All who are called should know that genuine and complete joy does exist in this world: it is the joy of being taken from the people we love and then being sent back to them as dispensers of the gifts and counsels of Jesus, the one Good Shepherd who, with deep compassion for all the little ones and the outcasts of this earth, wearied and oppressed like sheep without a shepherd, wants to associate many others to his ministry, so as himself to remain with us and to work, in the person of his priests, for the good of his people.

On this Holy Thursday, I ask the Lord Jesus to enable many young people to discover that burning zeal which joy kindles in our hearts as soon as we have the stroke of boldness needed to respond willingly to his call.

On this Holy Thursday, I ask the Lord Jesus to preserve the joy sparkling in the eyes of the recently ordained who go forth to devour the world, to spend themselves fully in the midst of God's faithful people, rejoicing as they prepare their first homily, their first Mass, their first Baptism, their first confession… It is the joy of being able to share with wonder, and for the first time as God’s anointed, the treasure of the Gospel and to feel the faithful people anointing you again and in yet another way: by their requests, by bowing their heads for your blessing, by taking your hands, by bringing you their children, by pleading for their sick… Preserve, Lord, in your young priests the joy of going forth, of doing everything as if for the first time, the joy of spending their lives fully for you.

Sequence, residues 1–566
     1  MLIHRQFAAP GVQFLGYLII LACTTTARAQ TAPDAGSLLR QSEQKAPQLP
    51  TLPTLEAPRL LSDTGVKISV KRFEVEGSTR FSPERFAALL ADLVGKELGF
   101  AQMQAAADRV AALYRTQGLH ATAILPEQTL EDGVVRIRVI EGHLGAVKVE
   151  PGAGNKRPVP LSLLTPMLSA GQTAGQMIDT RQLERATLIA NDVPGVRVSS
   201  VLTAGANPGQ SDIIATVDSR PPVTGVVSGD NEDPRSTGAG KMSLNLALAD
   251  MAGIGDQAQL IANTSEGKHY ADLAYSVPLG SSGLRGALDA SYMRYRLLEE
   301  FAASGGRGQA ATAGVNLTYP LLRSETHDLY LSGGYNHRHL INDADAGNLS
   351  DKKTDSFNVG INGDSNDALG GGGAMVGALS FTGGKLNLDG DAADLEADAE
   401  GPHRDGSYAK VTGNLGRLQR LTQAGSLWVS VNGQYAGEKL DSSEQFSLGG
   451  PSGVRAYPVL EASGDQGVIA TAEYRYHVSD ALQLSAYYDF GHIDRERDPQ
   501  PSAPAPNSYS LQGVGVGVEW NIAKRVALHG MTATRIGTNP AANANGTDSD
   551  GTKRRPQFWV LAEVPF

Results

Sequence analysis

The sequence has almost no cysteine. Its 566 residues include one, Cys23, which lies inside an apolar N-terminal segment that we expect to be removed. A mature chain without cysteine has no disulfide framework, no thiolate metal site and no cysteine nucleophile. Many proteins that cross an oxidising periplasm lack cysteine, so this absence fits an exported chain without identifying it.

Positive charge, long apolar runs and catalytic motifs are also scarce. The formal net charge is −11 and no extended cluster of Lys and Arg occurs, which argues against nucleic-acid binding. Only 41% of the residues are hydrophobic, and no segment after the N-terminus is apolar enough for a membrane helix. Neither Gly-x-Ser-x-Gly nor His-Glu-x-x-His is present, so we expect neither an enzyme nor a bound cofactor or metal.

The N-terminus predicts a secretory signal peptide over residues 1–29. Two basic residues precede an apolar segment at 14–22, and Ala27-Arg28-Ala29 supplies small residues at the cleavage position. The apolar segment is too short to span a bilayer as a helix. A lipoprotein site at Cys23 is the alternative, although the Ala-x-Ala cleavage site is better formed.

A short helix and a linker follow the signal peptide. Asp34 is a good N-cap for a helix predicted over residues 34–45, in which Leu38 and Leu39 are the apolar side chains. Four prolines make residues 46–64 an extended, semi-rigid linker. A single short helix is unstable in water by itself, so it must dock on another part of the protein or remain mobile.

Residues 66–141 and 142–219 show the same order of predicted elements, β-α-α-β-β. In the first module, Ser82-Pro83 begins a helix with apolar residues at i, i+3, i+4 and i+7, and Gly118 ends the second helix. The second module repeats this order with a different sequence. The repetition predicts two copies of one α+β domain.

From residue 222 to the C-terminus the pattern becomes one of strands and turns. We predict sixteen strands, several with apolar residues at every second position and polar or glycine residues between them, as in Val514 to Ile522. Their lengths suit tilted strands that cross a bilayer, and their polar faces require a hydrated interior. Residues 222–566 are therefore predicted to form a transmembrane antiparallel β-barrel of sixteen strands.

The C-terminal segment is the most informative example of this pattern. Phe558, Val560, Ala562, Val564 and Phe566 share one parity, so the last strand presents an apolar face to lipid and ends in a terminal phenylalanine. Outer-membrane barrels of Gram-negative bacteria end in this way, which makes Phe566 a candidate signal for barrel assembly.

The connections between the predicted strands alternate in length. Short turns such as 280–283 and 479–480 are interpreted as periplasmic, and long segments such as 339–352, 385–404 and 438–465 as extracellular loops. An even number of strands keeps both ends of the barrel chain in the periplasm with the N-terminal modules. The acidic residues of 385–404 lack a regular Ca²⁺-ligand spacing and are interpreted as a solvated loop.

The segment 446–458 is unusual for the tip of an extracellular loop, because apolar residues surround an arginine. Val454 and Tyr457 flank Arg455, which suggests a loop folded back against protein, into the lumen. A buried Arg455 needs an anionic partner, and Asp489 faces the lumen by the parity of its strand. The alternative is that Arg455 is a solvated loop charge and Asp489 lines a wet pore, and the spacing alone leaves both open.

On this Thursday of the priesthood, I ask the Lord Jesus to confirm the priestly joy of those who have already ministered for some years. The joy which, without leaving their eyes, is also found on the shoulders of those who bear the burden of the ministry, those priests who, having experienced the labours of the apostolate, gather their strength and rearm themselves: “get a second wind”, as the athletes say. Lord, preserve the depth, wisdom and maturity of the joy felt by these older priests. May they be able to pray with Nehemiah: “the joy of the Lord is my strength” (cf. Neh 8:10).

Finally, on this Thursday of the priesthood, I ask the Lord Jesus to make better known the joy of elderly priests, whether healthy or infirm. It is the joy of the Cross, which springs from the knowledge that we possess an imperishable treasure in perishable earthen vessels. May these priests find happiness wherever they are; may they experience already, in the passage of the years, a taste of eternity (Guardini). May they know, Lord, the joy of handing on the torch, the joy of seeing new generations of their spiritual children, and of hailing the promises from afar, smiling and at peace, in that hope which does not disappoint.

+ Francis

Sunday, April 13, 2014

The Lord has need of YOU!


Before the Second Vatican Council, Palm Sunday was observed one week before Passion Sunday giving people time to savor the echoes of “Hosanna!” before they are confronted with the bitter cries “Crucify him!”  In the liturgy since the Council, the two celebrations have been brought together. We began today commemorating the Lord’s triumphant entry into Jerusalem, a joyful celebration in which we join the people of Jerusalem in welcoming Jesus with happy shouts of “Hosanna!” Then, as we just heard proclaimed, the story of the suffering and death, the passion, of our Lord Jesus Christ in which we hear the same people of Jerusalem shouting “Crucify him!” The dramatic and emotional effect of bringing these two aspects of the reality of Jesus’ life together is at first strange, but I think ultimately helpful.